From the moment we read about the Temple of the Tooth in Kandy we were intrigued – even from the name it sounds a little weird right? In reality however, this place is a beautiful centre piece for the small city of Kandy and somewhere everyone should visit to learn about and soak up a little of the peaceful nature of Buddhism in Sri Lanka.
The Temple of the Tooth or Sri Dalada Maligawa is not only a World Heritage Site but an important temple as it holds the Sacred relic of the Tooth of Buddha who is believed to have visited Sri Lanka three times. The relic has held importance not only in religion but politically in the country’s history too.
We were all set to visit the temple as soon as we arrived in Kandy but our helpful Air BnB host recommended that we visit later in the evening where a ceremony takes place every night at 6pm.
We went slightly earlier at around 4pm so that we had time to look around the outside of the temple too. This in itself was fascinating as the grounds are home to lots of beautiful white and gold stupas, and lots of old but beautifully maintained temples with wall murals and carved Buddha statues decorating their interior.
There is also a fantastic little museum which tells the story of Buddha and the rise of Buddhism in every country around the world. It may take a while to go through the whole place but we found it interesting to read about the history of Buddhism history in those countries we had visited and our own country too.
The main event, however, was yet to come and as 6pm drew closer we could feel the atmosphere around the temple rise. There is a flurry of activity as individuals and whole families arrive all dressed in white to meditate, pray and get a glimpse of the holy tooth relic. Before you enter the temple itself be sure to look for the small glass building to the side in which people light offerings. As you stand aside and watch people light their candles in silent contemplation the light grows and they all flicker together – it’s a truly mesmerising sight and a nice time to reflect.
Enter into the temple through a small tunnel and be sure to look up and all around you at the intricate paintings – it’s hard to believe these are as old as they are! In the centre there is the main temple structure which has a number of levels which you can walk around and peer up to glimpse at the gold overhanging roofs. Come 6pm the atmosphere heightens as men in traditional outfits centre themselves around a small golden door and begin drumming. It’s so loud at first we jumped out of our skin at every beat but you soon get used to it and it certainly heightens the anticipation of seeing the relic itself!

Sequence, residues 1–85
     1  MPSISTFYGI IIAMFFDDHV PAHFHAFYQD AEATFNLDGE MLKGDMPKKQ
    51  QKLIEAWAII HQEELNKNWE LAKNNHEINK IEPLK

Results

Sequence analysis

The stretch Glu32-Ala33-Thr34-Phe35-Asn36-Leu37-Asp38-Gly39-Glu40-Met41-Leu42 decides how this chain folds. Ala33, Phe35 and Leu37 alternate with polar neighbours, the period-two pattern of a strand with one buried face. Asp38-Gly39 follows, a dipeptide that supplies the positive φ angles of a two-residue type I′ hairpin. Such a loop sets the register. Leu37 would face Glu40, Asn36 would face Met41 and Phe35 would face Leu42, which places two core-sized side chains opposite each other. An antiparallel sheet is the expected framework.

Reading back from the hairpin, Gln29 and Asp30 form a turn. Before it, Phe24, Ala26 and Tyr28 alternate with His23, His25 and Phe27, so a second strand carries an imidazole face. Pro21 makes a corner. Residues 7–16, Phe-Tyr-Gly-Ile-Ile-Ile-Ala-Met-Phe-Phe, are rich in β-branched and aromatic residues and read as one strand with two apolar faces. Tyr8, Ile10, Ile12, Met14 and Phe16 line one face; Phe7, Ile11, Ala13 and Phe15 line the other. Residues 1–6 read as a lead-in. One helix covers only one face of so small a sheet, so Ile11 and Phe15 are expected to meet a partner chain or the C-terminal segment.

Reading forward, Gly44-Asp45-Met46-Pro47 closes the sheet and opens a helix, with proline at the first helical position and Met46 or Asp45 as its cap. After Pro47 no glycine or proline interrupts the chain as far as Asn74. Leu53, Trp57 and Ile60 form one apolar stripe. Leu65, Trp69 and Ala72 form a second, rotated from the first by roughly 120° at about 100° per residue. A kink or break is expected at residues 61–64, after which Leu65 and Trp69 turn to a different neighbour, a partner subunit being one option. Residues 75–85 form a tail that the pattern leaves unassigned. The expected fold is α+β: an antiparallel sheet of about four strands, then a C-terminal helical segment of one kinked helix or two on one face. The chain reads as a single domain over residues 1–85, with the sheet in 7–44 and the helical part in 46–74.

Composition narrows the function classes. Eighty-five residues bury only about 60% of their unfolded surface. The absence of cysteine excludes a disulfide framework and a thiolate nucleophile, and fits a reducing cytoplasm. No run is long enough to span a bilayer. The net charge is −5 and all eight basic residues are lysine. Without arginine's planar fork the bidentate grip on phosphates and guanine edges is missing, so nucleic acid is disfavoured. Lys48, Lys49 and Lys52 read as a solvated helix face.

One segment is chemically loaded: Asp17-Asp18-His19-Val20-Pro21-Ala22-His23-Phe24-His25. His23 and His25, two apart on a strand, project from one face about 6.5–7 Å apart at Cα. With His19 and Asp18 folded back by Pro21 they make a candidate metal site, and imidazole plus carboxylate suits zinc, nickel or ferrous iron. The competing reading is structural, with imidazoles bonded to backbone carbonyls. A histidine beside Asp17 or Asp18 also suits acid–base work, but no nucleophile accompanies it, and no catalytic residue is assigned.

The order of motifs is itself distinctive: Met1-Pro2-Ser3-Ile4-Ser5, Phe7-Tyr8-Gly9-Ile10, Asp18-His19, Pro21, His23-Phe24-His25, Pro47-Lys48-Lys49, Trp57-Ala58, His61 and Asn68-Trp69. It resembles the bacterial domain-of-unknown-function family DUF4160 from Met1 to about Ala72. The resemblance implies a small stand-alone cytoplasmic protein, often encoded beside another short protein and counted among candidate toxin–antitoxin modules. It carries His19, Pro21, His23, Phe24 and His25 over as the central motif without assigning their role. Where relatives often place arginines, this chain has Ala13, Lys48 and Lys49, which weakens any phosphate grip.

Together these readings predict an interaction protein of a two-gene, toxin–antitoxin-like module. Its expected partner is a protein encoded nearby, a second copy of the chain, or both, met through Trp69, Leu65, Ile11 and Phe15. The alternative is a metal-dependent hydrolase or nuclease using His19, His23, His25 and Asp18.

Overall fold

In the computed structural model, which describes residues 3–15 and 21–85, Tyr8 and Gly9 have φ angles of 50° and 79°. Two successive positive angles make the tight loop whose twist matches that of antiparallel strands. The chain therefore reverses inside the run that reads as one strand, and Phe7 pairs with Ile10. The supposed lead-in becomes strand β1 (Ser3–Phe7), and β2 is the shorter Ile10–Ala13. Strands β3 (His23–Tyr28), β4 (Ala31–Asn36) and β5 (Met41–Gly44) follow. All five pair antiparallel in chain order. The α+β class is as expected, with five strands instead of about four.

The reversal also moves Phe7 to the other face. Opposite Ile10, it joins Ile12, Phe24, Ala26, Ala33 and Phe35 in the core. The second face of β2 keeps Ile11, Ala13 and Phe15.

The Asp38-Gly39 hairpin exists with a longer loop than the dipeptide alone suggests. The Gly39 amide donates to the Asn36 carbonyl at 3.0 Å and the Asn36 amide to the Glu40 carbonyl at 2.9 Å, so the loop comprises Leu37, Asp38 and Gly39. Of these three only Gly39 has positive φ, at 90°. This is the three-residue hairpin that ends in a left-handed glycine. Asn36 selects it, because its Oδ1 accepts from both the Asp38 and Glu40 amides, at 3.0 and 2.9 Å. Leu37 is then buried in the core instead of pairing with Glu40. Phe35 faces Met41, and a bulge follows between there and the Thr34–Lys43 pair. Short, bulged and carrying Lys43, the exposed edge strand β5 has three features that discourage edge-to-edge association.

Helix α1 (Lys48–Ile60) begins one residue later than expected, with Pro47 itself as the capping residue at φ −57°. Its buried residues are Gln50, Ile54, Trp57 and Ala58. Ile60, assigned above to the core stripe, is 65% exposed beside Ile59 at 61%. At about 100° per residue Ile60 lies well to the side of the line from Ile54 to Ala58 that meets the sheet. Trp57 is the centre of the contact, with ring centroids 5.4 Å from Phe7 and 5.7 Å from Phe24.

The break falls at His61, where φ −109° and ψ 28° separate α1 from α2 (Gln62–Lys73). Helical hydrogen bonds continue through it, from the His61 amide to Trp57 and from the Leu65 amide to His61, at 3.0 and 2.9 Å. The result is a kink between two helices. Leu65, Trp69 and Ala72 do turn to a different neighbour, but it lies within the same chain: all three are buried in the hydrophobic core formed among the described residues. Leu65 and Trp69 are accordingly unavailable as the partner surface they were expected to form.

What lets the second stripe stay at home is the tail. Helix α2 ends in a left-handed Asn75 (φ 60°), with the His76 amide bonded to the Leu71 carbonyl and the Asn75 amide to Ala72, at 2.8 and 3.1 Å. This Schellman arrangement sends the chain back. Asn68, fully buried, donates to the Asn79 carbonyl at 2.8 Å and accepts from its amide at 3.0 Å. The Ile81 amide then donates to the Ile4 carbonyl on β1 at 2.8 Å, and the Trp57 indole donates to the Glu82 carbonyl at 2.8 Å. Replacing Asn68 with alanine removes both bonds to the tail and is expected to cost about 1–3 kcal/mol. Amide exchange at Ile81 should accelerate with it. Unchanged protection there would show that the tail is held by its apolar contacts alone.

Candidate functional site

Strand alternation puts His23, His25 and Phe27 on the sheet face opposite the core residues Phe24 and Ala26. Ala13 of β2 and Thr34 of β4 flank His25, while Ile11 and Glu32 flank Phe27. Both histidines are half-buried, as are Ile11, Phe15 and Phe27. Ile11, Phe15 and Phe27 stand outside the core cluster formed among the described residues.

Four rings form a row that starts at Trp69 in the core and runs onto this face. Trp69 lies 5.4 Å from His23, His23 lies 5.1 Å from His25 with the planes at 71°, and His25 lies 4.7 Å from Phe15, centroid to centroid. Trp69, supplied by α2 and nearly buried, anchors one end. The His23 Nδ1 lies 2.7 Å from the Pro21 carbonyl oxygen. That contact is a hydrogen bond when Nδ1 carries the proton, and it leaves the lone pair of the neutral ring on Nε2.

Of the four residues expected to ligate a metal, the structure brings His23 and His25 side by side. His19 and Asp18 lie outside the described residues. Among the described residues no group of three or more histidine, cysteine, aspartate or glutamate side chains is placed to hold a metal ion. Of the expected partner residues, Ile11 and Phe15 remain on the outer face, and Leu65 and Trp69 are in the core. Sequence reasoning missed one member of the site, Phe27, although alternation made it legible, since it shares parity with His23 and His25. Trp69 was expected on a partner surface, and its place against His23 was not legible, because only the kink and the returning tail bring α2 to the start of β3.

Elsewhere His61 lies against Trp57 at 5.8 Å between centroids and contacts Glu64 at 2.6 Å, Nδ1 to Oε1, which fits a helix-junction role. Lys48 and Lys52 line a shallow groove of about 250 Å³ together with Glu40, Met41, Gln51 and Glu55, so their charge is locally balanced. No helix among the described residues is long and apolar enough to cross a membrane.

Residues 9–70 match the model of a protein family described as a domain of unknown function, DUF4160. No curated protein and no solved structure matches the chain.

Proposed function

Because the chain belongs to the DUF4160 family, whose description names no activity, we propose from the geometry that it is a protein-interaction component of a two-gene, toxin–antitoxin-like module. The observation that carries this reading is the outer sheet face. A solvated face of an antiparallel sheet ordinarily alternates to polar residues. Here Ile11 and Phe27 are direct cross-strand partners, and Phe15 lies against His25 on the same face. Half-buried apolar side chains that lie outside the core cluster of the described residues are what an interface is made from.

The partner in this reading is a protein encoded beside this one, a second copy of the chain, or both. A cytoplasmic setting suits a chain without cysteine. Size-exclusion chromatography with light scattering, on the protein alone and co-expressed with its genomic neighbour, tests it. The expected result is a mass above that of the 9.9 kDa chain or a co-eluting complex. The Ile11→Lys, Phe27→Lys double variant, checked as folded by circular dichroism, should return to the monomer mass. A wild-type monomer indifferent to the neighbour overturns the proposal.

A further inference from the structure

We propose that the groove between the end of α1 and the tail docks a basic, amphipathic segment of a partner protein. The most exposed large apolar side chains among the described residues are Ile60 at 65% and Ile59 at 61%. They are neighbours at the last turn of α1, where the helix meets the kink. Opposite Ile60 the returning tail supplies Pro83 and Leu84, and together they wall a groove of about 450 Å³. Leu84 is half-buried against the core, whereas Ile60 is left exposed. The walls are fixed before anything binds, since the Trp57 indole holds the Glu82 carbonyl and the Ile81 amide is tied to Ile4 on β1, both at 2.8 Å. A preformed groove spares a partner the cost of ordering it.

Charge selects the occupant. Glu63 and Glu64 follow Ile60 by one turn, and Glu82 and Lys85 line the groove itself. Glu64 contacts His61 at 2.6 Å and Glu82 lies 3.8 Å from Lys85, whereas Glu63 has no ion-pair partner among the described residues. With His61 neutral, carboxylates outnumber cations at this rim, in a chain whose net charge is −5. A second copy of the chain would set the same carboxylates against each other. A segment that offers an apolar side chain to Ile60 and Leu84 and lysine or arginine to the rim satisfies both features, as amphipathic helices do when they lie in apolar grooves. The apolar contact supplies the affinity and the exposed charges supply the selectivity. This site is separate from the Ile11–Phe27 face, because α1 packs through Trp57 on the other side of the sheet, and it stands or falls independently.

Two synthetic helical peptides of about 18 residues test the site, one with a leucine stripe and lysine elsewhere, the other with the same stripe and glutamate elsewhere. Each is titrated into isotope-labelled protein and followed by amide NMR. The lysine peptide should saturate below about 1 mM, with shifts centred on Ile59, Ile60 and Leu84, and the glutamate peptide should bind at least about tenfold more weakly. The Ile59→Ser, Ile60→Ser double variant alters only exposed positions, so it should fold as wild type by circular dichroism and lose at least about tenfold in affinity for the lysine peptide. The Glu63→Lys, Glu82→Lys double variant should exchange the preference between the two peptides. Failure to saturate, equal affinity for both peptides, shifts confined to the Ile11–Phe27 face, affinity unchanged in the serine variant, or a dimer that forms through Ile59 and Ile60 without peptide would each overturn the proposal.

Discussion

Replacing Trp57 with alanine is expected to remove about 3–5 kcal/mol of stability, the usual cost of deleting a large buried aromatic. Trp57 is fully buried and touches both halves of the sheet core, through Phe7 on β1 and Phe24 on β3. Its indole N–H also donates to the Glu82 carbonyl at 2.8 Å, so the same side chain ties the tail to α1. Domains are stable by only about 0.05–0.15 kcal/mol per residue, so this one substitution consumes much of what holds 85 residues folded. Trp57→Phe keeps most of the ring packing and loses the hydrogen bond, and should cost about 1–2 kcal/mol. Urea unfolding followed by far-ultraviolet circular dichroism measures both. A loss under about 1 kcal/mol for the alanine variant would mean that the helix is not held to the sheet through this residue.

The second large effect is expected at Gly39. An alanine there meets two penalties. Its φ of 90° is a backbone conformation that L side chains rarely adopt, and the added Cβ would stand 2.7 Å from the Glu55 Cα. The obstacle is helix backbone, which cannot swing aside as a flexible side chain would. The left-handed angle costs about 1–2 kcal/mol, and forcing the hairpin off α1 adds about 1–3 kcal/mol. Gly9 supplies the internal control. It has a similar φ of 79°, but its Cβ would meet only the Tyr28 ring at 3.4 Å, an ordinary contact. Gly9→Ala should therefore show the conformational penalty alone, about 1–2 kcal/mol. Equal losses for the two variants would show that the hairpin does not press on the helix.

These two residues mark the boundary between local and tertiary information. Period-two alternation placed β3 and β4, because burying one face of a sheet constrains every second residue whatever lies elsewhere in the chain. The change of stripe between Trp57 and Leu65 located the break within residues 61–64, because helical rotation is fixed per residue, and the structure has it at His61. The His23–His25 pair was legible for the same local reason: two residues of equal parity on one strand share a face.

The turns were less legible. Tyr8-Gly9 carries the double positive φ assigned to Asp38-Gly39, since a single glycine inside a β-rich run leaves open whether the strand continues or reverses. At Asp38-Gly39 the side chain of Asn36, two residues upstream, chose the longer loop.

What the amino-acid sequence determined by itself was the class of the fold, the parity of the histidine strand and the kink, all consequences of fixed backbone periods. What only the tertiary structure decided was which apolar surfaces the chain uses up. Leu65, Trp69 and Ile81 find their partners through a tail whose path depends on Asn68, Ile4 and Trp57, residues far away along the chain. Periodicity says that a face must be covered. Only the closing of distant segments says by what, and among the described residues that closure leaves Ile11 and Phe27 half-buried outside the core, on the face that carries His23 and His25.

Note; we thought the relic would come from this door but it is actually positioned upstairs in a long gallery so don’t wait too long until you head upstairs and follow the small line around. The glimpse you get of the relic is pretty fleeting as you are ushered round by a security guard but it is undeniably beautiful; a gold shrine completely adorned in flowers and offerings. This combined with the long table that stretches down the gallery covered in a mountain of flowers and people sat quietly all around in contemplation or quiet prayer makes for a wonderfully peaceful scene.
After seeing the relic you can walk around the rest of the temple structure; around a few smaller shrines and then up into the octagonal tower which sits on the right hand side. In here you can see many artefacts from the Buddhist religion and its history in Sri Lanka and also get a beautiful view out across the city. Don’t forget to breathe in deeply as there is also the most gorgeous scent of incense burning heavily – leaving a heady, lasting impression as you exit from the octagon and the temple itself.
We hadn’t known what to expect from the Temple of the Tooth and at 1000 SLR* to enter for foreigners we were typically a little pessimistic. However, this place did not disappoint and we were left feeling calm, tranquil and thankful we had taken the time to look around and experience this nightly ceremony. Even if, like us, you are not religious you can really sense the spirituality in the air here and can appreciate the importance and meaning it has within this community.
*The entrance fee is applicable only if you want to enter the temple itself and the museum – to simply walk around the grounds and look in the smaller shrines it is free of charge.
We hope you have an equally lasting experience!
C & J